Electronics Industry

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Last updated: October 2016


Electronics Industry


The electronics industry is notorious for low wages, excessive overtime, exploitation of migrant and student workers, and crucially, a lack of the ‘freedom of association’ workers need to be able to improve their conditions.

Image: Mobile phones


There are also multiple issues around mining for materials used; hazardous chemicals leading to deadly health problems and pollution; electronic waste and energy use. The speed at which the electronics market has grown, and the culture of frequent upgrades, just increases the strain.


Conflict minerals 


Campaigners have long identified revenue from the sale of mined elements as a key driver of civil wars and conflict in Southern countries.

We look at what’s happened since the landmark piece of US legislation that was passed in 2010 to disrupt the trade in ‘conflict minerals’ from the Democratic Republic of Congo (DRC) – Section 1502 of the Dodd Frank Act.

We rate all the companies on how they make sure that their minerals are from conflict-free sources in the DRC. Crucially, companies must remain committed to sourcing minerals from the region. See our feature on conflict minerals for more information on the current situation in the DRC. A section is included in each guide detailing how the companies rate for each product we have covered. 


Conflict Minerals

Image: Conflict Minerals

Update on the Dodd-Frank Act

Are companies making progress in improving their sourcing of conflict-free materials?

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Toxic chemicals

Three chemicals are often used in electronics and have been highlighted by Greenpeace as the most hazardous – brominated flame retardants (BFRs), PVC and phthalates. We rate all companies in the Pollution & Toxics category for their use of these three chemicals. Plus, we have given extra points to any models that are free from these toxic chemicals.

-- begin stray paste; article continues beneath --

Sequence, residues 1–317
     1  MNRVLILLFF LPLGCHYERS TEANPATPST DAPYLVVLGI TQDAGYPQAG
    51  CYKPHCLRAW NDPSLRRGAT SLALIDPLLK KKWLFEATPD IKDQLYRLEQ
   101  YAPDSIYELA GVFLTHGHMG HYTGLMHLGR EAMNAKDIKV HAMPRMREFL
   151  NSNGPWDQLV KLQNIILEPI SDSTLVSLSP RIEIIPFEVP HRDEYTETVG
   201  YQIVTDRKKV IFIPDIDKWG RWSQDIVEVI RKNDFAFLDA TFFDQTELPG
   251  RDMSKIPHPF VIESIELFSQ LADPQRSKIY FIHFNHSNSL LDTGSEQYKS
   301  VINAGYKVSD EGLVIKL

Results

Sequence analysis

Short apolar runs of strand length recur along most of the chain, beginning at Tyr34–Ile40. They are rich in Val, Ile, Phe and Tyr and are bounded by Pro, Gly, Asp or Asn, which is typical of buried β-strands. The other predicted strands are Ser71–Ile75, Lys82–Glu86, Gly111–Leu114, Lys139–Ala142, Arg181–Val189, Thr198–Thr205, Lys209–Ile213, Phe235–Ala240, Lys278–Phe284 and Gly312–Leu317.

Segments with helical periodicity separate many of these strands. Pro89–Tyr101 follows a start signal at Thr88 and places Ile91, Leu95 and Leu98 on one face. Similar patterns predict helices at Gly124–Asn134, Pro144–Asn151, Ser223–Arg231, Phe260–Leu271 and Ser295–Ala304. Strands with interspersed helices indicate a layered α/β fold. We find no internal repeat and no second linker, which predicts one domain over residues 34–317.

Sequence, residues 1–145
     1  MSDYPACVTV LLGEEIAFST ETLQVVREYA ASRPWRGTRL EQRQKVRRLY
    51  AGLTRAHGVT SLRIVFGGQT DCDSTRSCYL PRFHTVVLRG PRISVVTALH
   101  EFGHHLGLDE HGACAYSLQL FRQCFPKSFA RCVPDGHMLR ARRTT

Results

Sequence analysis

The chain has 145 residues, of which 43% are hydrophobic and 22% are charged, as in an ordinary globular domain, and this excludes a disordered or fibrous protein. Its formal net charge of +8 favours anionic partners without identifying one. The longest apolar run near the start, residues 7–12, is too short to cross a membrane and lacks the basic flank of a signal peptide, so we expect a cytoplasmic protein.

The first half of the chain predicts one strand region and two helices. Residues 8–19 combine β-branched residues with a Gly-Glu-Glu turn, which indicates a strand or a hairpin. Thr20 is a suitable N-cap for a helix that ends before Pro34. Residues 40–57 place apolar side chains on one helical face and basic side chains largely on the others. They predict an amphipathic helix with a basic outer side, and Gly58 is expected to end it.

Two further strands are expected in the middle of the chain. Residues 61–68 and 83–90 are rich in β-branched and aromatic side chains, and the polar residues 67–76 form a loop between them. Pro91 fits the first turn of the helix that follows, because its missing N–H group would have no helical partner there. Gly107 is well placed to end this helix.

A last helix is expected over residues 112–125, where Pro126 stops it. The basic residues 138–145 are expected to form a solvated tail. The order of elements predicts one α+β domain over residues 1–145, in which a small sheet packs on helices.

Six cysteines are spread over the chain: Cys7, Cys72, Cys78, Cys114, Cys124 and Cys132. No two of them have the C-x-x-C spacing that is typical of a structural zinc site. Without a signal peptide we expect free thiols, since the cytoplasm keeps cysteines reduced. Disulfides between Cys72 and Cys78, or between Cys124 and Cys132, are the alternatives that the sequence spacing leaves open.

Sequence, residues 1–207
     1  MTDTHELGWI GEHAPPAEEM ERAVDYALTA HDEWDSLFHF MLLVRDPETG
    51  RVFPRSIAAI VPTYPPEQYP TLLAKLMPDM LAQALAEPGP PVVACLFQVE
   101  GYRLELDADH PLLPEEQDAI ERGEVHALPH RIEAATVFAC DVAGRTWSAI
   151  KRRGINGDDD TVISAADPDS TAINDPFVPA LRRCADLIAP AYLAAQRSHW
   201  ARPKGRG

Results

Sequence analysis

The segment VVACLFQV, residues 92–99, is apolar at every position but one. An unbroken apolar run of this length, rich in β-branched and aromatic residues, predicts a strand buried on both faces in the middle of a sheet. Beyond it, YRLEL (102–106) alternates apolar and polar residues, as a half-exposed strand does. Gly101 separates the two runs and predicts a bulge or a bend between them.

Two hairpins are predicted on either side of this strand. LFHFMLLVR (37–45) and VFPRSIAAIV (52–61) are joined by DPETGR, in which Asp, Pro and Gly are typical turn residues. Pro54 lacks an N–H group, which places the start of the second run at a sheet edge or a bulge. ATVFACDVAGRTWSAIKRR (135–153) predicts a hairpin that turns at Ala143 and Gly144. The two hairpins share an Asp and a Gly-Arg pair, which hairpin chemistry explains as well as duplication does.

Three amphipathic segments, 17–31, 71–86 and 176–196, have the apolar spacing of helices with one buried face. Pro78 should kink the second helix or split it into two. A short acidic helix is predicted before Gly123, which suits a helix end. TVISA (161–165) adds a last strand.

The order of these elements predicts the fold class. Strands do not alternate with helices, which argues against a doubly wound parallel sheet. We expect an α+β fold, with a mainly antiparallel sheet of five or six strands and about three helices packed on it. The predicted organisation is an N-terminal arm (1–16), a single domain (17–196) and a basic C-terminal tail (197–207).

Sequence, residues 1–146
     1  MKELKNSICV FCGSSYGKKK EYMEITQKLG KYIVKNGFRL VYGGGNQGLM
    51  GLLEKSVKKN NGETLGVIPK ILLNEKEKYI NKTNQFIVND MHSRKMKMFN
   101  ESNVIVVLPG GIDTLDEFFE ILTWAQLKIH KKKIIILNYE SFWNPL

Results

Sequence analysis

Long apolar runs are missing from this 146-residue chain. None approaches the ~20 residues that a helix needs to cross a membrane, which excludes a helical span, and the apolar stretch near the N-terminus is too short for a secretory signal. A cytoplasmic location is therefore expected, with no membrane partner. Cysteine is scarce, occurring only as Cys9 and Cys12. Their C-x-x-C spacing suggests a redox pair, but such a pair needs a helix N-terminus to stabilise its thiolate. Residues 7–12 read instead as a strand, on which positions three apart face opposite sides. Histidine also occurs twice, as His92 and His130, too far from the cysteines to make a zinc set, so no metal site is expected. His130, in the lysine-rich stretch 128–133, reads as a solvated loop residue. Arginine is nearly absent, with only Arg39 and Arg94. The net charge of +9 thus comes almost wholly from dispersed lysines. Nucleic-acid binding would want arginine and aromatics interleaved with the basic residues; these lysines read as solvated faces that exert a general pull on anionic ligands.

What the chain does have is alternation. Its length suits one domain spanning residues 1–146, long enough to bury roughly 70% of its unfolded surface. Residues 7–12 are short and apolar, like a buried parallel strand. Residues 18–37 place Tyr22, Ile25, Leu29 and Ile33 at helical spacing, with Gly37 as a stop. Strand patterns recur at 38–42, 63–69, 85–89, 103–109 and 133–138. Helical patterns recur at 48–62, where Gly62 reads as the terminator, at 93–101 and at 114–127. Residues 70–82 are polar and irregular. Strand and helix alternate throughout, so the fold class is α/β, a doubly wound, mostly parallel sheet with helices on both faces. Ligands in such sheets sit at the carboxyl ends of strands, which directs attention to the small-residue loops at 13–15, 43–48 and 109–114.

Apple leads the way in the electronics industry having phased out PVC and BFR in its products, including its cables, way back in 2008. Apple products are also free from phthalates. So there is no excuse for other companies not to follow suit.

To get our best rating for a toxic chemicals policy, like Apple, a company must have phased out the use of all three chemicals or have set a date by which it will have done so. 

Corporate Watch

Image: apple mac

Where did all the tax go?

Apple is the most profitable company in the world. However, it has been accused of increasingly aggressive tax avoidance for a decade. We take a look at the ethics of the corporate tech giant. 

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Cobalt Mining

Cobalt Mining

Human Rights Abuses in Cobalt Mines

Amnesty International's investigation has uncovered a number of abuses in cobalt mines. These include forced relocations of villages, water pollution and child labour. 

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